Senate Bill 1276 passed by a 9-2 vote in the Community Affairs committee on Thursday, March 4th. This bill falls just short of allowing breed bans to be implemented at the local level in the state of Florida. It allows local governments to impose unreasonable and breed-specific requirements such as: purchasing $1,000,000 liability insurance, mandatory spay/neuter, muzzling when outside, or building 14 feet privacy fences or industrial kennels. Local governments impose these requirements based solely on breed, not based on whether or not the dog is actually vicious or has run at large. They are not intended to help people keep their dogs -- they are intended to force people to get rid of them.
This doesn’t just affect the American Pit Bull Terrier; it will affect German Shepherds, Rottweillers, Dobermans, Chows, Akitas, Cur dogs, Mastiffs... whatever the city council decides is inherently dangerous or vicious.
Will this affect your hunting dogs or ranch dogs? ABSOLUTELY. Virtually any stocky, short-haired dog will be at risk of being accused of being a "pit bull," and it is up to the owner to prove otherwise.
Please call your Senator now…you can find your Senator by going to www.flsenate.gov. Senate Bill 1276 is now moving into the Agriculture Committee of the Senate. I urge you to please take moment of your time to write or call this small committee of five (please see below). It is imperative that the residents of the State of Florida stop this bill. A companion bill (HB543) sits awaiting movement in the House. These bills are a very real threat to pet ownership of any dog.
What is wrong with letting local governments decide?
Having a patchwork of local laws harms tourism and limits the freedom to move within Florida.
Travelers will be afraid to travel in the state, not knowing which of our counties have breed restrictions. This includes:
- Families who travel with pets.
- Pet owners taking their dogs to or through certain cities for medical care.
- Participants in dog shows, tracking, herding, agility and other competitions -- Cities in Florida will have difficulties attracting large events, with the risk of dogs being seized.
- Hunters, many of whom use bull breeds to legally hunt the invasive and damaging feral hog.
- Handlers of assistance dogs, therapy dogs, search & rescue dogs, tracking dogs, police dogs, and military dogs. All kinds of dog breeds and mixes serve in this capacity.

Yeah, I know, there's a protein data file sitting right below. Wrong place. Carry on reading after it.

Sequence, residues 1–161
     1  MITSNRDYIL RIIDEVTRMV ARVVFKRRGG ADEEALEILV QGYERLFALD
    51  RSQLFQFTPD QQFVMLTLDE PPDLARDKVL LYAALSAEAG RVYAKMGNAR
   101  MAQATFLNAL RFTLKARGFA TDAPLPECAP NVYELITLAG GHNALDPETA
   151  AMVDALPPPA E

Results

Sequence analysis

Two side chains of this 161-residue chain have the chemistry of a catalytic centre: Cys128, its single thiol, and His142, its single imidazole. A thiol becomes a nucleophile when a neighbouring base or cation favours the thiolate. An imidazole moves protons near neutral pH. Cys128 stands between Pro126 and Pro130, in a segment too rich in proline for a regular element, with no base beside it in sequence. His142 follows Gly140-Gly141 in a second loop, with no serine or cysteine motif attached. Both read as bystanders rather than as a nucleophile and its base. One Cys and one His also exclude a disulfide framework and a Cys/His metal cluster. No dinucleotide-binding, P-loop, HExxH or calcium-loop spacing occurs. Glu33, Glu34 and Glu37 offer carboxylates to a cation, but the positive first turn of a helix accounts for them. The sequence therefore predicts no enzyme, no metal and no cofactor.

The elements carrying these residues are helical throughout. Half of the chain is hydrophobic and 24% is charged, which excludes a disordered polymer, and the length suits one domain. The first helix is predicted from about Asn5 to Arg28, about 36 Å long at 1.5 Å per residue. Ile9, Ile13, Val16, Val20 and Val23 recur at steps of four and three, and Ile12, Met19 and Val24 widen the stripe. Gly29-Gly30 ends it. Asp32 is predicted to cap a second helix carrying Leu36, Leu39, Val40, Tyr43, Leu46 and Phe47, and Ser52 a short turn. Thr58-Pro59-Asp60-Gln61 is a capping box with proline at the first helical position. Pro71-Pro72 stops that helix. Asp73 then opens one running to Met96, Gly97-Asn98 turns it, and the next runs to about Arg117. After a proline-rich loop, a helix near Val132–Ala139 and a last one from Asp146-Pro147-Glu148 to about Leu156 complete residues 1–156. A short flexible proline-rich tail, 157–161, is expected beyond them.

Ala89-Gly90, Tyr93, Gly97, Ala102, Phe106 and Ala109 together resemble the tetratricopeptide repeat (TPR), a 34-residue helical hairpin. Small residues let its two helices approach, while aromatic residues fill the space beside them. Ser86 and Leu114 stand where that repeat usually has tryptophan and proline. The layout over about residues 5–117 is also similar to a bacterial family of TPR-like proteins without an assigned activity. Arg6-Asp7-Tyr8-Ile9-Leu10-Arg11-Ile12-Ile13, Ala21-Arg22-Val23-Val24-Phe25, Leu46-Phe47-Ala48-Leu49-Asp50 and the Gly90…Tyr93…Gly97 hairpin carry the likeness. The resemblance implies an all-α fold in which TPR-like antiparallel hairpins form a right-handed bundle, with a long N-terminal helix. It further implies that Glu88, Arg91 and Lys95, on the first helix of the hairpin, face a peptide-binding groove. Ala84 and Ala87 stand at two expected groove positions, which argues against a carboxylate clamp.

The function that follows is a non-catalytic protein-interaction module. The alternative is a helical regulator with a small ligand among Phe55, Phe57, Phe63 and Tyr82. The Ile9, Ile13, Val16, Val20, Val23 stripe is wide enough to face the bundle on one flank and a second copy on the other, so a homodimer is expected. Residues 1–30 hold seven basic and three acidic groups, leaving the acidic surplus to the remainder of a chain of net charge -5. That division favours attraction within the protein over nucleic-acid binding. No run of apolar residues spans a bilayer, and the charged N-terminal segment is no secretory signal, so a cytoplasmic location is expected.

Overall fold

- Search and rescue teams. Search teams will avoid traveling through or going into certain areas, which slows down disaster response. Out of state teams will hesitate to come to Texas when needed for large disasters, such as hurricanes.
Even if a law allows working dogs or dogs in transit a defense from prosecution, no one wants to risk having a beloved family pet, show dog, or highly trained working dog seized and impounded pending a hearing from a judge.
Other states allow it, why not Florida?
Thirteen states other than Florida prohibit breed-specific legislation (BSL) at the local level. Recently, many cities have decided against or scrapped existing breed-specific ordinances. For example, in September, 2008, the city of Brighton, CO decided against a breed-specific ordinance and issued a report stating, "...although the number of pit bulls has increased following the institution of bans in neighboring communities, vicious dog incidents involving the breed [in those communities] have not." (source: Brighton Standard-Blade, 9/18/2008). The Netherlands repealed their 25-year old breed ban, citing no increase in public safety.
It's not unusual for certain aspects of daily life in Florida to be uniform at the state level. The penal code is uniform at the state level. The ability to buy and sell alcohol is governed locally, but the drinking age and drunk driving laws are made at the state level.
The culture of Florida has a unique respect for individual and property rights. It is un-Floridian to limit where Floridians may move and own whatever property they choose, because of a very small number of dog owners who are irresponsible.
Don't be fooled by the argument: "BSL is not burdensome in other states because...."
"There is a grandfather clause -- you don't have to get rid of pets you already own."
- In other states, breed bans have been passed with no grandfather clause. This means that families must either break the law, get rid of their pet, or face financial hardship by moving.
"You can keep your dogs, they will just need to be muzzled in public."
- Muzzling will take away security for millions of people, especially women, who have come to depend on the crime deterrent of a large dog when walking or jogging. This security is the difference between going outside and getting exercise or staying indoors.
"You can keep your dogs, you will just need to get a certain type of fence."
- Breed-specific laws are based on what an animal looks like rather than on the animals' behavior and needs. Asking the owners of certain dog breeds to comply with expensive and unnecessary fencing requirements does nothing to protect the public from truly aggressive animals.
Committee of Agriculture
Phone calls are recommended -- e-mails may get deleted. Please be brief, polite and respectful.
Charlie Dean, Chair firstname.lastname@example.org (850) 487-5017
Larcenia Bullard, Vice Chair email@example.com (850) 487-5127
Dave Aronberg firstname.lastname@example.org (850) 487-5356
Carey Baker email@example.com (850) 487-5014
Durell Peaden firstname.lastname@example.org (850) 487-5000
You can also go to NAIA Trust Capwiz Website and construct a letter to your Representative, Senator, or Governor.
This will take you directly to the site to construct your letter to send to your lawmakers regarding both House and Senate bills.